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Travel Buzz
2016 Olympics – Rio de Janiero
By Joe Boone

If you enjoy the Olympics, you’re going to love the 2016 summer games! For the first time in Olympic history, South America will host the event with Brazil’s historic tropical city, Rio de Janeiro doing the honors. Founded in 1565 and deep in tradition, Rio has grown over its 450 years into one of the largest and richest multicultural cities in the world. Over 2.8 million international tourists flock there each year, making Rio one of the most visited cities in the Southern Hemisphere and the most popular vacation destination in South America....and for good reason.

Known for its spectacular natural settings including sun drenched balneario beaches like Copacabana and Ipanema; the awe-inspiring Sugarloaf mountain with its cable cars and breathtaking views; Corcovado mountain and its giant statue of Christ the Redeemer standing high above its 14 million residents; and one of the largest city-surrounded urban rain forests in the world, Rio offers plenty of reasons to enjoy the great outdoors. The city is a metropolitan gem, known for world class art and cultural experiences including samba, bossa nova and its annual colorful Carnaval celebration. With over 50 museums, a wonderful combination of historic and modern architecture and a popular music, literature and theater scene, Rio’s considered the cultural capital of Brazil.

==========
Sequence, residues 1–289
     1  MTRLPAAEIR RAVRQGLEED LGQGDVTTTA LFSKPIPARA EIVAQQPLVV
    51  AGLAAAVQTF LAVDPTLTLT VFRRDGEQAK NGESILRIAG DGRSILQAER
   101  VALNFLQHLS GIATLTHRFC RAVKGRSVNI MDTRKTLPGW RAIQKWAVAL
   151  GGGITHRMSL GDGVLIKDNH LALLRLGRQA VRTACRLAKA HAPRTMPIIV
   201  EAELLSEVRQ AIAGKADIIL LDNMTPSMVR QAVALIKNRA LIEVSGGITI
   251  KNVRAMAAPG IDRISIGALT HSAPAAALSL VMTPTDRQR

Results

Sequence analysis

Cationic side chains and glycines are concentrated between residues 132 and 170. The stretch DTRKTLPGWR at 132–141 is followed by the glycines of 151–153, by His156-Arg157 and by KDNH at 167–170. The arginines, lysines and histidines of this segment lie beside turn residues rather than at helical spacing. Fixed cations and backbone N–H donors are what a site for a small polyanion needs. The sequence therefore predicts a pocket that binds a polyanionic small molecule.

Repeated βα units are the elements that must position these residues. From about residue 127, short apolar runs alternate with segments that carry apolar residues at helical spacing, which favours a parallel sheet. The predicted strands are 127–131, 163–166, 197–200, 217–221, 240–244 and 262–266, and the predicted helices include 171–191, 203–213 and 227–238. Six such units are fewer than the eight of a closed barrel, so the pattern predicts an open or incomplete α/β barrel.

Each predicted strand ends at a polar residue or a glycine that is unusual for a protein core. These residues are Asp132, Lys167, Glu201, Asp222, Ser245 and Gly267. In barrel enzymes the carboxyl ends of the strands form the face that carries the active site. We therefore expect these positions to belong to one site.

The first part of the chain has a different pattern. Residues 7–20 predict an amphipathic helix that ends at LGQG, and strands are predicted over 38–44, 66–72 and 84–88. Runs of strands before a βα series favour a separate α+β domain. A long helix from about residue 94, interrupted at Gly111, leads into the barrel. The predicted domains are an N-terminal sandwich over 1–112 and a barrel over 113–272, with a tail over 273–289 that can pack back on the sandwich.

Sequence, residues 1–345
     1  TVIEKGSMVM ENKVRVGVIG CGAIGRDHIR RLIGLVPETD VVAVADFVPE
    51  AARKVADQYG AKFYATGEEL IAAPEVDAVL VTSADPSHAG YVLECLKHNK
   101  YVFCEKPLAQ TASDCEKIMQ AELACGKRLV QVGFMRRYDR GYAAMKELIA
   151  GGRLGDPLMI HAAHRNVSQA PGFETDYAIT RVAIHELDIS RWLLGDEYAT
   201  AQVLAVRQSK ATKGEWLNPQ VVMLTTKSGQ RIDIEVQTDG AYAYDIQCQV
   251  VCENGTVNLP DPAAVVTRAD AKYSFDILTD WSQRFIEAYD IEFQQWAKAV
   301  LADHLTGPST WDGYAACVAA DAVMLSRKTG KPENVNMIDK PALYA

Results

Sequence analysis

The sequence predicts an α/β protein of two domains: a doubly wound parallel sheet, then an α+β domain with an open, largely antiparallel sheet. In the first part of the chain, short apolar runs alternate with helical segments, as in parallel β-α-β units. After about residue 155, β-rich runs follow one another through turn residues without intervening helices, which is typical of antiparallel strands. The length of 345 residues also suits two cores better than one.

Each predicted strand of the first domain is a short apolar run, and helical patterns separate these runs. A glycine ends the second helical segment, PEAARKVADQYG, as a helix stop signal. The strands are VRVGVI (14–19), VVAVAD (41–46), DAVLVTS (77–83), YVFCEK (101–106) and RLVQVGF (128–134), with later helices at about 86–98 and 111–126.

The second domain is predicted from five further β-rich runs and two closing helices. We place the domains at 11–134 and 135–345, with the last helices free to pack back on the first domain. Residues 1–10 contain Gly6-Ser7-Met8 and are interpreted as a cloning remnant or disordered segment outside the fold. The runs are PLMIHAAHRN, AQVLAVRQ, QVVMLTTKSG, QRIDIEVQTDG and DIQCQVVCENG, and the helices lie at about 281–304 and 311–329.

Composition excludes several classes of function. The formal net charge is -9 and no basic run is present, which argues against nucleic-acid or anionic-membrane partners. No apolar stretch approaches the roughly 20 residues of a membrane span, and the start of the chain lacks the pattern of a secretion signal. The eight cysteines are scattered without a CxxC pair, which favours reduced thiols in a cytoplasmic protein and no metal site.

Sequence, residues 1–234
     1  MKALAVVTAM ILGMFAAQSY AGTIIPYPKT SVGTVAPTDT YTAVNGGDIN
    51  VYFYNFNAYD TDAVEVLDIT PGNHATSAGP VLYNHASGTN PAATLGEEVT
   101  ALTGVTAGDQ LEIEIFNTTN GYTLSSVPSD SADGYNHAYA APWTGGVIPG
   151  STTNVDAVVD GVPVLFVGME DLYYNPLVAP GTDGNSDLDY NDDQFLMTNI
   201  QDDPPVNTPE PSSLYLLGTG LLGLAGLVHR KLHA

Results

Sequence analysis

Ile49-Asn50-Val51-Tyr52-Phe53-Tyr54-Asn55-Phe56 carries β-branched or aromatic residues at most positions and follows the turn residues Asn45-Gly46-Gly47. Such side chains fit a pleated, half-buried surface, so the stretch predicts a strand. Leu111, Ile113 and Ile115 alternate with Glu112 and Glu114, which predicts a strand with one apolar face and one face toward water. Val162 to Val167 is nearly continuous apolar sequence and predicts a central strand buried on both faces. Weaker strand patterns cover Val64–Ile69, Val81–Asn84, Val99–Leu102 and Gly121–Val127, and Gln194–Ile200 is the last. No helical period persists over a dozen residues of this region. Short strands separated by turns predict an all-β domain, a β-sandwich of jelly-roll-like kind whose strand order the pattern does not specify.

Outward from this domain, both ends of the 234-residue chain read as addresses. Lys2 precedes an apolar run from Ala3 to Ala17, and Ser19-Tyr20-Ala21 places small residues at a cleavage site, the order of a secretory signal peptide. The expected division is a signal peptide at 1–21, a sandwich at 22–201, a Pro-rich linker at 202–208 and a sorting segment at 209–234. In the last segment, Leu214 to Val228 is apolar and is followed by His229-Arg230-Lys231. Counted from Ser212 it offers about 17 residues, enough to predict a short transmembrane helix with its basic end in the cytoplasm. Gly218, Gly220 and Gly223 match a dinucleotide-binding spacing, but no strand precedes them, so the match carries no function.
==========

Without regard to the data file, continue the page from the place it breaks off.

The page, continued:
The city is also a sports enthusiast’s mecca and home to Maracana Stadium, once the world’s largest football (soccer) stadiums. Built in 1950, it held over 190,000 spectators. Since modernized, it now comfortably seats some 80,000 sports enthusiasts and will stage the opening and closing ceremonies and football matches for the 2016 Olympics.

In addition, 33 competition venues will be spread out across four regions of Rio – Barra, Copacabana, Deodoro and Marcanã. Each will be connected by a new high-performance transportation ring that will shuffle the 7,000,000 spectators to and fro that are expected to attend the Olympics' 17 days of competition, along with 85,000 workers and the 10,500 athletes from 204 countries who will compete in its 306 medal events. A total of 42 sports will be contested, including golf and rugby, both making their grand debut after a century long absence.

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